The mission of the O’Connor Art Gallery is to present timely, relevant and focused contemporary art exhibitions that foster critical and thoughtful dialogue across disciplines. Exhibitions are curated with the Dominican student body in mind, as they are meant to introduce students to new and innovative artistic concepts, practices and strategies.

Located in Lewis Hall, steps from many of the art department’s studios and classrooms, the gallery is particularly accessible to art students as a space for intimate engagement and reflection. In addition to curated exhibitions, the gallery is the site of an annual juried student show and senior thesis exhibitions.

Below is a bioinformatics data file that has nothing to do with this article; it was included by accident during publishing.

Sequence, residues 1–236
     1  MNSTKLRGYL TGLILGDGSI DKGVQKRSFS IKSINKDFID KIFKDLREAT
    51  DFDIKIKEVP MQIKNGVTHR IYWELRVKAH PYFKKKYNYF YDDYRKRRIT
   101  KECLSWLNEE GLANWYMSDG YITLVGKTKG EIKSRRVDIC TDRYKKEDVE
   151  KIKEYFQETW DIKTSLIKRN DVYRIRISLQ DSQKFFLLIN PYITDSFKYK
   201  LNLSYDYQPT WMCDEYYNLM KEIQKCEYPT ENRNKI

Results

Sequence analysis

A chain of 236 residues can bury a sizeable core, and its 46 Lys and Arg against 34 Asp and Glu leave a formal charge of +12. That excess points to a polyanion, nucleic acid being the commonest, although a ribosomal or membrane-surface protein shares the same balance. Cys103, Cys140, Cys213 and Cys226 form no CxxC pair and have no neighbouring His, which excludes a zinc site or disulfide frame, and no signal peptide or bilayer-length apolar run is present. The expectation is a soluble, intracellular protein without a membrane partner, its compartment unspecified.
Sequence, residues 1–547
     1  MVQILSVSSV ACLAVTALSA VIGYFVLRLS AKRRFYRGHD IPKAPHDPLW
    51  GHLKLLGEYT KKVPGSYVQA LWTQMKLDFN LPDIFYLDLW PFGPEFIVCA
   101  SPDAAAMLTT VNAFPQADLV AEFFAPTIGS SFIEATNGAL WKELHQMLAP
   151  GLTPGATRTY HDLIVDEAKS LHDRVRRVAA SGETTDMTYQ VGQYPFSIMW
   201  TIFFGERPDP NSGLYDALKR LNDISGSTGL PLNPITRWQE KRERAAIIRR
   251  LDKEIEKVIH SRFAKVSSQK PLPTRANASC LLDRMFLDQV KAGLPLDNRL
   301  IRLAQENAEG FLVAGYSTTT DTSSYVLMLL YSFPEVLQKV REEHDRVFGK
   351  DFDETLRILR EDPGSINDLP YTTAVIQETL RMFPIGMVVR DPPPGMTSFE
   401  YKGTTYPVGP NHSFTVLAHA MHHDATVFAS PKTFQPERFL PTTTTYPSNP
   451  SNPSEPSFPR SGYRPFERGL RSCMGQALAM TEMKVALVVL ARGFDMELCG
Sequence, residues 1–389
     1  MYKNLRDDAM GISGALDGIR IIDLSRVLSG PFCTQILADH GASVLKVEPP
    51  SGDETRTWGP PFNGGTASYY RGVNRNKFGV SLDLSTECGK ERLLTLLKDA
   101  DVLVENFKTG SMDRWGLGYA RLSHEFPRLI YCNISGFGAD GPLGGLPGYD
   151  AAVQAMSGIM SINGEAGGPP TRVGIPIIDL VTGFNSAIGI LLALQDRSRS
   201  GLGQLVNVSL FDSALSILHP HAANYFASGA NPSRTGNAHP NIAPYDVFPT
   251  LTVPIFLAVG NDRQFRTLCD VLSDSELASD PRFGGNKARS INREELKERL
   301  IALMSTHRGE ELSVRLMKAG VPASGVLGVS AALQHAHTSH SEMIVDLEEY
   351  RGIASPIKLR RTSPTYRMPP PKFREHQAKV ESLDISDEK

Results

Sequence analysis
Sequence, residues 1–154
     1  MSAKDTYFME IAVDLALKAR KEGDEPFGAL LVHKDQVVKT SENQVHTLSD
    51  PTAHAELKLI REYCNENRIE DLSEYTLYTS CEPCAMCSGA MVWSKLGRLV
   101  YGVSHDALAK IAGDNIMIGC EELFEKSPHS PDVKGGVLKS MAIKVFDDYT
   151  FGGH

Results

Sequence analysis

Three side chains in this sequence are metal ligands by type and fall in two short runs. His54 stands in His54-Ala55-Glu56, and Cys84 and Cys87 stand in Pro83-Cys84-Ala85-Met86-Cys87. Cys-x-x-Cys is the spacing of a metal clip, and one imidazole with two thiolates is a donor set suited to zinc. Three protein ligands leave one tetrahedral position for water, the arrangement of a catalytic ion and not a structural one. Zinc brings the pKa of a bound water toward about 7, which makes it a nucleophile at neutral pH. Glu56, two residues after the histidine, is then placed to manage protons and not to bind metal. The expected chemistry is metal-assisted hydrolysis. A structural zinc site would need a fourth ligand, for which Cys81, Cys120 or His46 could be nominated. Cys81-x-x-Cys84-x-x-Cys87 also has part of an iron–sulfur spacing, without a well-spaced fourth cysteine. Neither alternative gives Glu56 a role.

The gallery is open to the public during the academic year.  All are welcome.

Questions? Please contact

Location:  Lewis Hall, Fourth Floor

Fall 2022

Jade Williams Semine Ab Aetherio

September 28–October 21, 2022
Reception: Wednesday, September 28, 4:00-7:00 p.m.
Gallery talk at 4:30 p.m
Curated by Jenna Richards

The O’Connor Gallery is pleased to present Jade Williams’ solo exhibition Semine Ab Aetherio.

Semine Ab Aetherio, From the Heavenly Seed, is an offering into William’s world-building practice as she sows the spiritual, cultural, and familial seeds of her upbringing as a means to restore inner world order. Combining material explorations and personal artifacts, the exhibition invites viewers to question, meditate on, and care for our roots, relationships, and rituals; ultimately, prompting them to return home with her and with themselves.

Image: Jade Williams, Let the Congregation Say, Asé (A Seed’s a Star if You Hold Her Up to the Light), 2022, Coconut Shell Halves, Faux Rabbit Fur, Pink Pearls, Nylon Stockings, 6”x 3”x 4” per seed

About the Artist